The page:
After a long tumultuous period, we managed to patch things up enough to leave the future open, and in 2014 we gave working together on my music a test run.Eventually I brought him on in a greater capacity as a producer, he moved to LA and we recorded my album at his newly built studio in 2015.into a flutter of gorgeous harmonies and psychedelic freakouts.It was also the first time Dirty Projectors was less a Dave Longstreth solo project than a full band experience.One person, Longstreth, is reckoning with a life in disarray, while the other, Coffman, is searching for empowerment in solitude.They each let go by the end of their respective albums.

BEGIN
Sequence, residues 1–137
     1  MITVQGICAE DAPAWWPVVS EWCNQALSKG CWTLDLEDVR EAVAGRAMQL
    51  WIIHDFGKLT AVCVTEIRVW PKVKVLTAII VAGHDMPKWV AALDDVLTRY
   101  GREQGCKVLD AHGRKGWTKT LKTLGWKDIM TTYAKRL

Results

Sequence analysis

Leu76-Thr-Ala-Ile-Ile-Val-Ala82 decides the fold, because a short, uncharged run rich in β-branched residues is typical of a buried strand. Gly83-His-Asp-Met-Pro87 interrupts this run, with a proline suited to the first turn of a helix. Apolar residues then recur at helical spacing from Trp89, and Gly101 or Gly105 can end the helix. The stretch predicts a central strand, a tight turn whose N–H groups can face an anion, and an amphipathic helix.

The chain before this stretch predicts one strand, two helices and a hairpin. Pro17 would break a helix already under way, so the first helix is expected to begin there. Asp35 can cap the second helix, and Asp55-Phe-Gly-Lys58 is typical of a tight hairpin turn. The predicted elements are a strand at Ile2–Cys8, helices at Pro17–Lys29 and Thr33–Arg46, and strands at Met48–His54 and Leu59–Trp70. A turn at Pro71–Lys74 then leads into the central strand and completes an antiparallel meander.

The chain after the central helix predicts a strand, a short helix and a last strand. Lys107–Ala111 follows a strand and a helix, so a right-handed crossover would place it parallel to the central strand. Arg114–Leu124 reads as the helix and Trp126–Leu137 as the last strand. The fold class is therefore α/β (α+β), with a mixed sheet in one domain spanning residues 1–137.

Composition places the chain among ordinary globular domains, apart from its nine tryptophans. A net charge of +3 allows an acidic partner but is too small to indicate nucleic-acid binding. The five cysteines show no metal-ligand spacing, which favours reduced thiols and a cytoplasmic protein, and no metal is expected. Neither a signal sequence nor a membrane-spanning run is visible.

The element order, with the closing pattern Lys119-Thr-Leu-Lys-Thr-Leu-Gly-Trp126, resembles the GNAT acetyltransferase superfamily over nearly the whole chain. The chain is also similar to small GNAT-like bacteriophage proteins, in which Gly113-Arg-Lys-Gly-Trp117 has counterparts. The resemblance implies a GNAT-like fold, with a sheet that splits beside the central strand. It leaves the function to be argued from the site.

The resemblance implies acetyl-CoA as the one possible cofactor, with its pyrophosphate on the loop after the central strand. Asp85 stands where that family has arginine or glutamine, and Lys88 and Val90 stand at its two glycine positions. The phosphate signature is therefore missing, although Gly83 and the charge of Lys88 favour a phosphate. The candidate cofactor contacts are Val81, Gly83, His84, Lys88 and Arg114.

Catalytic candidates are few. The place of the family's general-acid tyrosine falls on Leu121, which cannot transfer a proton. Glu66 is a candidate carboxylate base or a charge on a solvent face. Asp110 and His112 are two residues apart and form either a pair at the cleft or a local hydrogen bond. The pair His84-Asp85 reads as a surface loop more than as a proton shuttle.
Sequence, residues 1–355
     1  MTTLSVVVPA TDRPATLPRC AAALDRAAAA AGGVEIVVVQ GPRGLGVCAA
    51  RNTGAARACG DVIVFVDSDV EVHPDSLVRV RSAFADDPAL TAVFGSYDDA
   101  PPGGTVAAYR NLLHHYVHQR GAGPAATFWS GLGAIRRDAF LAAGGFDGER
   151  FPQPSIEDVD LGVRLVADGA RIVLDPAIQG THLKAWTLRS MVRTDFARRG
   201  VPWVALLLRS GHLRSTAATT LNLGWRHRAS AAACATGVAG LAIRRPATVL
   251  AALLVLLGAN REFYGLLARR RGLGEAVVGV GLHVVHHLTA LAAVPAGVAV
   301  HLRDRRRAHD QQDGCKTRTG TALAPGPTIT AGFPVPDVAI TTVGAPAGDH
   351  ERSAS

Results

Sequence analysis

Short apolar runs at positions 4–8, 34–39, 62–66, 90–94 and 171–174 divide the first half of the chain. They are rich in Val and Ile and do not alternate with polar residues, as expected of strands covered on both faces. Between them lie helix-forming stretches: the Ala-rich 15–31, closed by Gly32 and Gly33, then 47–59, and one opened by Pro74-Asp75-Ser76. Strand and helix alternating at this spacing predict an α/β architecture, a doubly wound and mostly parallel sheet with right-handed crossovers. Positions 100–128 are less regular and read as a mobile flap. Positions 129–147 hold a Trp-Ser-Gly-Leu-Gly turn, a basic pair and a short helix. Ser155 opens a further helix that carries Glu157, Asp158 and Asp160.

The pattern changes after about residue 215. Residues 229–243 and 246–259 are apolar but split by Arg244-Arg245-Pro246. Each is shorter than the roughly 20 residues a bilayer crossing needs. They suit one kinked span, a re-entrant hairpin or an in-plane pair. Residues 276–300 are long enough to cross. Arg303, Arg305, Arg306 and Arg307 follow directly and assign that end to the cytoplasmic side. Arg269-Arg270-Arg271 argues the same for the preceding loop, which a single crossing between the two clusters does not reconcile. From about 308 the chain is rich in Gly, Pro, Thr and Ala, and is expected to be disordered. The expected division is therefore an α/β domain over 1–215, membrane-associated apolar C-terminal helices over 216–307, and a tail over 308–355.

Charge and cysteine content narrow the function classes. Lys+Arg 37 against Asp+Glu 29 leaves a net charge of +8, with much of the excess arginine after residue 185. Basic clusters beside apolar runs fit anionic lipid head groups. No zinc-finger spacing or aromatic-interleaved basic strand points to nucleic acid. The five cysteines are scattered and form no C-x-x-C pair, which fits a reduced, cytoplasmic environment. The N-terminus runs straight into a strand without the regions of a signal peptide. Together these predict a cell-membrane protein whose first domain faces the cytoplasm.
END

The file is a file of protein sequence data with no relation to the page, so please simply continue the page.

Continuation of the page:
She and Longstreth started dating shortly thereafter, and stayed together until 2013, when they split both professionally and personally.Having this band seemingly allowed Longstreth to get out of his own mind just enough to create something truly collaborative and great. 2009’s was the best album released that year, and there hasn’t been a rock effort since that’s come close to touching it. Longstreth handles the songwriting but delegates performances in perfect ways. ) girlfriend Amber Coffman sang on the acid-tinged R&B jam “Stillness is the Move,” while other female vocalist/multi-instrumentalist Angel Deradoorian led the way on the idyllic “Two Doves.” Deradoorian quit the band before they released , he was given a toolkit with a big piece of white tape across the front reading, “GENIUS” and then told to make something with it. The most obvious answer is to let them flow like the Icelandic waterfalls in Justin Bieber’s “I’ll Show You.” Bathe in them. This is all to say: Maybe what we need right now is another breakup album from a male vocalist.(It also doesn’t help Longstreth’s case that Coffman has the voice of an angel.) But because Coffman has chosen to decline all press opportunities, the focus remains one-sided, with Longstreth controlling the narrative, whether he means to or not.“All to Myself” begins with the couplet: “I can't just sit around feeling upset / Dwelling on my loneliness.” Meanwhile, that’s exactly what Longstreth does with —with 'dwelling' being a mild way of describing his particular expression of heartbreak.“Keep Your Name,” the first song that Longstreth wrote and the first on the album, begins with an accusation: “I don’t know why you abandoned me / You were my soul and my partner.” He sings this in a slowed-down auto-tune—a distortion technique that he uses throughout to represent his inner post-breakup monologue, which might telegraph feelings that he doesn’t actually believe in the present.For example, the bridge of “Keep Your Name” is a rush of distorted mumbles, much like Gollum’s Turrets in . But they he quickly detracts: “That was some stupid s--t.”One of the most biting accusations in “Keep Your Name” comes after the bridge when Longstreth attacks Coffman’s artistic integrity.You’re supposed to keep that information in mind when you listen to “City of No Reply.” You’re supposed to interpret it as an album about “learning to live with yourself” and about “depression [and] self-doubt,” as Coffman told All the themes that Coffman has identified are certainly present on “City of No Reply.” But hearing the album the way Coffman wants you to hear it proves difficult.These songs may have been written with multiple people and relationships in mind, but as a listener it’s hard to imagine any of it is about anyone but Longstreth.But when Longstreth started talking about his work, the reality set in that he was just a musician who happened to go through a sad and public breakup almost four years ago.He had a full beard and spoke gently, listening patiently when I asked pointed questions like why there were a “lack of female voices” on the album.I’m really proud of the album I made and my hope is that people will listen to it on its own terms.I’ve waited a long time to share it and I’m looking forward to it.